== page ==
Arch of Caracalla (Thebeste)

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Arch of Caracalla
Tébessa-Porte Caracala.jpg
CoordinatesCoordinates: 35°24′17.6″N 8°7′22.1″E / 35.404889°N 8.122806°E / 35.404889; 8.122806
LocationTébessa, Algeria
TypeRoman triumphal arch
Dedicated toEmperor Caracalla

The Arch of Caracalla is a tetrapylon Roman triumphal arch in Thebeste, located in present-day Tébessa, Tébessa Province, Algeria. It was constructed during the early 3rd century.


Caracalla arch, 1860-1890

The arch was built between 211 and 214 by means of a testamentary donation of Gaius Cornelius Egrilianus, Prefect of the XIV legion, who was originally from Thebeste.[1] The figure set aside for the construction was 250,000 sesterti.[2]

Later, the arch was reused as the northern gate of the city wall in the Byzantine period. The lateral arches were walled up, as was the northern one, until they were reopened by French military engineers during the colonial period.


Arch of Caracalla at Thebeste

In form, the Arch of Caracalla is roughly cubical, being 10.94m on the side and to the top of the entablature. On the pylons, beside the spans are pairs of columns with Corinthian capitals, detached from the wall and with pilasters behind, supported by a podium from which their pedestals extend. The main entablature is above the pairs of columns and continues in the recess above the spans. Medallions with the busts of divinities are located above each of the spans.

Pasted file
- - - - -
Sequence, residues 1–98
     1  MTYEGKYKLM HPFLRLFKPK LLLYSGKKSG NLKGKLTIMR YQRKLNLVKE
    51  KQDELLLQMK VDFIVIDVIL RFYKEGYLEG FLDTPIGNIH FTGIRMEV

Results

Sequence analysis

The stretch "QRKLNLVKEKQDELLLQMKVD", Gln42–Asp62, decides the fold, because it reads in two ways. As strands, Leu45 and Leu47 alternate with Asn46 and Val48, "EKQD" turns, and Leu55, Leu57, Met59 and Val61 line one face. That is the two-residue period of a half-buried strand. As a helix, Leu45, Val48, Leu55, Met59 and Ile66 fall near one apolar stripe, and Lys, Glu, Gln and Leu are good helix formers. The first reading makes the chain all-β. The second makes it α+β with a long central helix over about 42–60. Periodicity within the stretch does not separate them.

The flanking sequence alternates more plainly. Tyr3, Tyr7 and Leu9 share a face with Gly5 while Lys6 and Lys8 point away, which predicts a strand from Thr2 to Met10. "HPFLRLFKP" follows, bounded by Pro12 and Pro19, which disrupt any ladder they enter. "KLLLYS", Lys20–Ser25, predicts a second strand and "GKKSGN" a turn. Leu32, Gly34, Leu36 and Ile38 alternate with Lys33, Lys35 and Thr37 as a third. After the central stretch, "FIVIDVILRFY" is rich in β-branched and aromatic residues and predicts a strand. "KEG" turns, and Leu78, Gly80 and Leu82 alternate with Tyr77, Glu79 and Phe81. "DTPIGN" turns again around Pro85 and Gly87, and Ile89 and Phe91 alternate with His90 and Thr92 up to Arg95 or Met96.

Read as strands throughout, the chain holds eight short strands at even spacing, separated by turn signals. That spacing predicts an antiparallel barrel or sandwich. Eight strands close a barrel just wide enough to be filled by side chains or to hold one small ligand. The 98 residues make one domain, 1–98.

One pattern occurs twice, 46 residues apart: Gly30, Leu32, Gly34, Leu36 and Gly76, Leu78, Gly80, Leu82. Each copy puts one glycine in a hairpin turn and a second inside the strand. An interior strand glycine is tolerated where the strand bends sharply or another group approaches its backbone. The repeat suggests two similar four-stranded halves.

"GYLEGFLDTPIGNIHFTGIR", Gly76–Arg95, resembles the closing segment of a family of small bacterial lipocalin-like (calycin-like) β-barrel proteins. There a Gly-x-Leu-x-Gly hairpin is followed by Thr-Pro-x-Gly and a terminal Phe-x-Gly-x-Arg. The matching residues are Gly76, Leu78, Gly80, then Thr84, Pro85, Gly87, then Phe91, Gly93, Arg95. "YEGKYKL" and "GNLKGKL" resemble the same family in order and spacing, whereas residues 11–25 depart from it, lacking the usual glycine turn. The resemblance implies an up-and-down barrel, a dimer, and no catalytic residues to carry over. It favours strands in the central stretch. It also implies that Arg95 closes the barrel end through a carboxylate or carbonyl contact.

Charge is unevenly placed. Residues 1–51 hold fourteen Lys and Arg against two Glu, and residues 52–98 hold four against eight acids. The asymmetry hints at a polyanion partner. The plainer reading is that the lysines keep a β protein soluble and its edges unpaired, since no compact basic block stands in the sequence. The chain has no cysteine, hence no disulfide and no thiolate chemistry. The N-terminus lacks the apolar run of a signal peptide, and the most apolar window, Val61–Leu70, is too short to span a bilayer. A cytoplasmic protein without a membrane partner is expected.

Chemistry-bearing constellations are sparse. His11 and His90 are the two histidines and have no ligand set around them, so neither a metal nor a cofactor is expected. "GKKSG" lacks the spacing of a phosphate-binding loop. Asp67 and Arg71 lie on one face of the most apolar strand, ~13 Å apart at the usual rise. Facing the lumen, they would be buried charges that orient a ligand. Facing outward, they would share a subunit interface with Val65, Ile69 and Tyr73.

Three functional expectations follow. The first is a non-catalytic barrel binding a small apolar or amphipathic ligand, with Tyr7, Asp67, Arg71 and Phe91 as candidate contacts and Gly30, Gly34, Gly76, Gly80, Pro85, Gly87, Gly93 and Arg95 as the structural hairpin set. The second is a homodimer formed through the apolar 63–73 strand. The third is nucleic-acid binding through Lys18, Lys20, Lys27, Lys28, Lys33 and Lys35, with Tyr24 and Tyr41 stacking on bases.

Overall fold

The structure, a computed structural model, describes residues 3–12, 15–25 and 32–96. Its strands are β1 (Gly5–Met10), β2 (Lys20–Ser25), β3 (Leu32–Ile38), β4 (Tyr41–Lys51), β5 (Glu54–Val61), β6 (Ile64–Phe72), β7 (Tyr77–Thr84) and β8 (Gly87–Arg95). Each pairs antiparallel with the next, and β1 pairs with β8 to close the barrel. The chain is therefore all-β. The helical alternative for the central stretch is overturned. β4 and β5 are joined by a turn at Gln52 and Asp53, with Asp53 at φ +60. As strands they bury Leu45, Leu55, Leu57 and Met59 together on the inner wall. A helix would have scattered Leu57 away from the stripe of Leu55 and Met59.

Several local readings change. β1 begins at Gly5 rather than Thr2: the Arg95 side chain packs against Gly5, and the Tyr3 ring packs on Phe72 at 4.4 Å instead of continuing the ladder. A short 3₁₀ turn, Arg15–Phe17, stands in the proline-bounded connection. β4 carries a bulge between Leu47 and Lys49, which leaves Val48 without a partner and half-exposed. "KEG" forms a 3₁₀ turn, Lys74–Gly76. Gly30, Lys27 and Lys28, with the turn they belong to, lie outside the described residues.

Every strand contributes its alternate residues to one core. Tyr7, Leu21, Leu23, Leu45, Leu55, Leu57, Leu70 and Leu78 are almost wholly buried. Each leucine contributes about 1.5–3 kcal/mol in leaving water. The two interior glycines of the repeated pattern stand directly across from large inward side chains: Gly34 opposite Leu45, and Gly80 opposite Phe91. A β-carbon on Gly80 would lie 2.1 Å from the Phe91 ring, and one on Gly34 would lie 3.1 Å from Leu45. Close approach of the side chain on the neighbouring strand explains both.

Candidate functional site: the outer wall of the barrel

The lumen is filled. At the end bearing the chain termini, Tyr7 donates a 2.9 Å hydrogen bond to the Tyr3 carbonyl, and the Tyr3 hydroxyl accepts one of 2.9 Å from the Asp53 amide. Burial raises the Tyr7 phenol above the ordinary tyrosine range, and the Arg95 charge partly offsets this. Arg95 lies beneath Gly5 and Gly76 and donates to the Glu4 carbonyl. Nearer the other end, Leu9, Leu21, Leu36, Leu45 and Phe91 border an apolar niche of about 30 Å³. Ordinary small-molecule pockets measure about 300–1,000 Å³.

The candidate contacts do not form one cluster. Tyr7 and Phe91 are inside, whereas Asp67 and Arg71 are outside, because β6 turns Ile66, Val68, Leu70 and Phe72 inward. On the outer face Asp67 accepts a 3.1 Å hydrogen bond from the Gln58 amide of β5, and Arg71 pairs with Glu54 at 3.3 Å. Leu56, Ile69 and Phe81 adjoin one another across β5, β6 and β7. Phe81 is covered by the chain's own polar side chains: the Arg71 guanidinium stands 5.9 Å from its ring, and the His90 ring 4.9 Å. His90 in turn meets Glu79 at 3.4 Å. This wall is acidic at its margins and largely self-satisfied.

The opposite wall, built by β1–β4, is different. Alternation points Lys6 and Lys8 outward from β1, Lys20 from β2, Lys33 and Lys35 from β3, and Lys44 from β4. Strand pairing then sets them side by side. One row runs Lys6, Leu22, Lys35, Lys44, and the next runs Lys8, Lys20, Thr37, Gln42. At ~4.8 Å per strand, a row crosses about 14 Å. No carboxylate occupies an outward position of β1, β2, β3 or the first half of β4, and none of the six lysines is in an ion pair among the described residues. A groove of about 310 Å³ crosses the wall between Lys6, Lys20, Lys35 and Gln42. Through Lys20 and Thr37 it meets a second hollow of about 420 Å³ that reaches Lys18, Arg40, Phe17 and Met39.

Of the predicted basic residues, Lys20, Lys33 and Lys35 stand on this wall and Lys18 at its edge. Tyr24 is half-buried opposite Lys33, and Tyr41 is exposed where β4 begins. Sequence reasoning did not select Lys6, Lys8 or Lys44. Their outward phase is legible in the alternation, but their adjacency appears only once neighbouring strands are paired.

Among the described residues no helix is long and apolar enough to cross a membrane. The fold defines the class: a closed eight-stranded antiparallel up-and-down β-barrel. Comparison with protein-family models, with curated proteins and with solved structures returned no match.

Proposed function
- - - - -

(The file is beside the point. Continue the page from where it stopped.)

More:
On the attic on three sides dedications are inscribed to the deified Emperor Septimius Severus, Julia Domna and Caracalla. On the fourth side is a reconstructed Byzantine inscription, originally found in the infill of the vaults, which refers to the incorporation of the arch into the Byzantine city wall as the work of the magister militum Solomon.[3]

At the centre on all sides, the entablature supported an aedicula which held a statue.

The reconstruction of the very top of the arch is the subject of some debate among scholars: According to Meunier[4] an octagonal lantern would have stood there with its base hidden by the aediculae, while according to another there would have been a low dome. According to Bacchielli,[5] the four aediculae, connected by railings contained the statues of the Deified Septimius Severus, the Deified Julia Domna, Caracalla and Geta.

See also[edit]


  1. ^ The inscription that records this information is inscribed on the inside of the northwest pylon: Accame 1938, p.247.
  2. ^ Bacchielli 1987, citato in bibliografia.
  3. ^ Zanini 2000, cited in the bibliography.
  4. ^ Meunier 1938, cited in bibliography
  5. ^ Bacchielli 1987, cited in bibliography.


  • Jean Meunier, "L'arc de Caracalla à Théveste (Tébessa). Relevé et restitution", in Revue africaine, 82, 1938, pp. 84–106.
  • Silvio Accame, "Il testamento di C. Cornelio Egriliano e l'arco di Caracalla in Tébessa", in Epigrahica, 3, 1941, pp. 237–243.
  • Umberto Ciotti, "Del coronamento degli archi quadrifronti. I. Gli archi di Tébessa e di Tripoli", in Bullettino della commissione archeologica comunale di Roma, 72, 1946-1948, pp. 21–42.
  • Pietro Romanelli, "Theveste", in Enciclopedia dell'arte antica 1966 (testo on line sul sito
  • Lidiano Bacchielli, "Il testamento di C. Cornelio Egriliano e il coronamento dell'arco di Caracalla a Tebessa", in L'Africa romana. Atti del IV convegno di studio (Sassari, 12-14 dicembre 1986), Sassari 1987, pp. 295–321.
  • Silvio De Maria, "Arco onorario e trionfale", in Enciclopedia dell'arte antica. II supplemento, 1994 (copy online on the site
  • Enrico Zanini, "Tebessa", in Enciclopedia dell'arte medievale, 2000 (testo on line sul sito